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Is silicon soon to be replaced in thin-film PV applications?

Silicon has been widely used across the semiconductor industry, including in PV applications, but a number of research projects are underway to discover elements that could prove to be more efficient, lowering manufacturing costs.

Silicon has been widely used to create semiconductors on a commercial basis and is often the principal component, particularly in integrated circuits.

In its pure form, it is used to produce silicon wafers - which are used in photovoltaic (PV) applications - and across the semiconductor industry. Its electrical capabilities can be controlled, which is required for its use in integrated circuits, solar cells, transistors, microprocessors and other semiconductor devices.

However, a number of research projects are currently in place to discover which materials, such as gallium nitride, can be used to replace silicon in thin-film PV applications.

One of the most recent developments was announced by Empa - Swiss Federal Laboratories for Materials Testing and Research. It noted that graphenes - two-dimensional carbon layers - could prove to be a semiconductor substitute for silicon because of qualities including being tear-resistant and a strong thermal conductor.

The potential for silicon to be replaced in thin-film PV applications has also been noted by the University of Cambridge s Centre for Gallium Nitride. It stated: "Gallium nitride is probably the most important semiconductor material since silicon. It emits brilliant light as well as being the key material for next-generation high-frequency, high-power transistors capable of operating at high temperatures."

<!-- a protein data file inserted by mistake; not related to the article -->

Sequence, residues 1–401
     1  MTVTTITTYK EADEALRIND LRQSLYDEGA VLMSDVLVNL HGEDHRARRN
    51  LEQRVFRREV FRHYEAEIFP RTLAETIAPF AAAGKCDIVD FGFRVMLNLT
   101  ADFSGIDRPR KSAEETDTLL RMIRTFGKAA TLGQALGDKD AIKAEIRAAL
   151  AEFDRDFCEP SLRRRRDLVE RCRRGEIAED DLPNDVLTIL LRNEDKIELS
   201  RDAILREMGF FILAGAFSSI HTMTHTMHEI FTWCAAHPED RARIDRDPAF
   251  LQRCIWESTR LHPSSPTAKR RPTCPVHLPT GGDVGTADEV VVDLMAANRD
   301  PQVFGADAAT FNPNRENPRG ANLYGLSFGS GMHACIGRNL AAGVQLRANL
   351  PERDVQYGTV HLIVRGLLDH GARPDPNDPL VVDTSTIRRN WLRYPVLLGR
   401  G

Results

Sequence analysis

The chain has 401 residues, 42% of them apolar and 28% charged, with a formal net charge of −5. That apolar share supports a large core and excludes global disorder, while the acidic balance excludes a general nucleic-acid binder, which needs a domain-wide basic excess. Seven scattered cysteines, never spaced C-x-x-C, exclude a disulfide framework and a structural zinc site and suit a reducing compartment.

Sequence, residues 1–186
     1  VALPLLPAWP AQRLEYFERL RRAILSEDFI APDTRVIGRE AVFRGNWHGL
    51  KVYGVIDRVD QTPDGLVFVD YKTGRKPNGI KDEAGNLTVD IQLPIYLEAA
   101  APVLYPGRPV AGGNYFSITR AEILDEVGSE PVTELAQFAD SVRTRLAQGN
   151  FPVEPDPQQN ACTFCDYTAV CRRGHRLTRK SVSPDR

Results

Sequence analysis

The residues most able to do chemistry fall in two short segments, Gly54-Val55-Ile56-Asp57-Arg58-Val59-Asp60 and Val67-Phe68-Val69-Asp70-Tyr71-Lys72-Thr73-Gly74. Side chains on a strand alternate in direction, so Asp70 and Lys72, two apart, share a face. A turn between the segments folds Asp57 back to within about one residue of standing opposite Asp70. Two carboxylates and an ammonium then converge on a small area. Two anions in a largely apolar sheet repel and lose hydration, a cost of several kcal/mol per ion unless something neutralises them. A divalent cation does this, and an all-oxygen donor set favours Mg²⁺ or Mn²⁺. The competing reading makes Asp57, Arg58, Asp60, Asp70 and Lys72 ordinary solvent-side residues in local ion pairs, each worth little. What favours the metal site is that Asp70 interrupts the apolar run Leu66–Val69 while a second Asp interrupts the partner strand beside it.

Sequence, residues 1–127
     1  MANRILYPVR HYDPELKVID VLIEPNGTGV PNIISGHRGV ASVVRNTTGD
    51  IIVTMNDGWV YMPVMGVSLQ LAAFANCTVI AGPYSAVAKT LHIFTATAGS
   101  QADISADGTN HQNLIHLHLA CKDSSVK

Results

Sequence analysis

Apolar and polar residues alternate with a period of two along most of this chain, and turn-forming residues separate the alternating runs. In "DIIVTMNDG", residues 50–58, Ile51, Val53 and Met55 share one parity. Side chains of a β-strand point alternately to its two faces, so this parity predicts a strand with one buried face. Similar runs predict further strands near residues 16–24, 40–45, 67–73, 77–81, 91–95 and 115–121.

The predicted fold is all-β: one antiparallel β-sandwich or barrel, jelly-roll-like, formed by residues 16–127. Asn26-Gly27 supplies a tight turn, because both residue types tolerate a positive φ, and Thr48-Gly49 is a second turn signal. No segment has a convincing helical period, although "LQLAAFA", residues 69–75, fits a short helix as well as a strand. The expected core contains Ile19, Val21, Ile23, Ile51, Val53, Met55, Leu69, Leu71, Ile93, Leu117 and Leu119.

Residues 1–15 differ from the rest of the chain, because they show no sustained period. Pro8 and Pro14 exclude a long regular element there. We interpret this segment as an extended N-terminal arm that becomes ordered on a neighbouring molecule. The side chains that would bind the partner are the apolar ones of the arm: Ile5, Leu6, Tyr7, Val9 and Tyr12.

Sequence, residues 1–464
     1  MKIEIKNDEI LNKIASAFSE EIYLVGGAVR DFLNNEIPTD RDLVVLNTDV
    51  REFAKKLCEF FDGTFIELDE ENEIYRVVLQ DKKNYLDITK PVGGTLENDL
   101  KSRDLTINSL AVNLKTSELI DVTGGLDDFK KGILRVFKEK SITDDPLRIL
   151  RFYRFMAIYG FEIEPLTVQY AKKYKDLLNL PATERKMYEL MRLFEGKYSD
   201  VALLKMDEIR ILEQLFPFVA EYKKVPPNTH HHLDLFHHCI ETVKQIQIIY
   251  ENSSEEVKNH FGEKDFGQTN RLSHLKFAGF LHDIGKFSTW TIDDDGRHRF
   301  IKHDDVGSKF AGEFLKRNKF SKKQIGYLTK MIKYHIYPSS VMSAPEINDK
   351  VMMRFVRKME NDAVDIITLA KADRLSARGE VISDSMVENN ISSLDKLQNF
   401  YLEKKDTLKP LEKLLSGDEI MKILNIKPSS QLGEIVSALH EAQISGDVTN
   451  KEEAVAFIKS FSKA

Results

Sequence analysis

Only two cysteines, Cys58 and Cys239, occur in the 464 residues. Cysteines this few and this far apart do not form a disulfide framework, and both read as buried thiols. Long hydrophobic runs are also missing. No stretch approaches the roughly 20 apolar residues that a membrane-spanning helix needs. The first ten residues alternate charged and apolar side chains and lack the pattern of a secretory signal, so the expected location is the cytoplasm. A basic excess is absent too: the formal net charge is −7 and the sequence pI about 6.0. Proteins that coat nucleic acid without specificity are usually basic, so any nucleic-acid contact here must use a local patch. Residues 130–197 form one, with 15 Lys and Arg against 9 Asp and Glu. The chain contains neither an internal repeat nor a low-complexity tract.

In further evidence of the move away from silicon in thin-film PVs, it was announced at the start of the week that First Solar - which uses the semiconductor cadmium telluride (CdTe) in its thin-film PV modules - had sold its 21 megawatt solar energy project to NRG Energy.

The project is California s first utility-scale PV solar generation facility, highlighting how solar is becoming an increasingly popular source of energy and significant investment is being placed into it.

First Solar s thin-film PV panels convert sunlight directly into electricity with no water required. The facility is expected to generate more than 45,000 megawatt-hours of electricity per year.

Another reason for the adoption of materials other than silicon is because of manufacturing costs. The organisation claims that CdTe thin-film technology can result in high-volume and low-cost solar modules. CdTe has "superior light absorption properties that result in higher output compared to traditional silicon modules, under cloudy and diffuse light conditions such as dawn and dusk", First Solar said.

Better performance at higher temperatures than traditional silicon modules can also be achieved.

As researchers strive to make solar technology more efficient to lower associated costs, the semiconductor industry may find that other elements soon replace silicon as their capabilities and properties become further known.ADNFCR-2855-ID-19479406-ADNFCR
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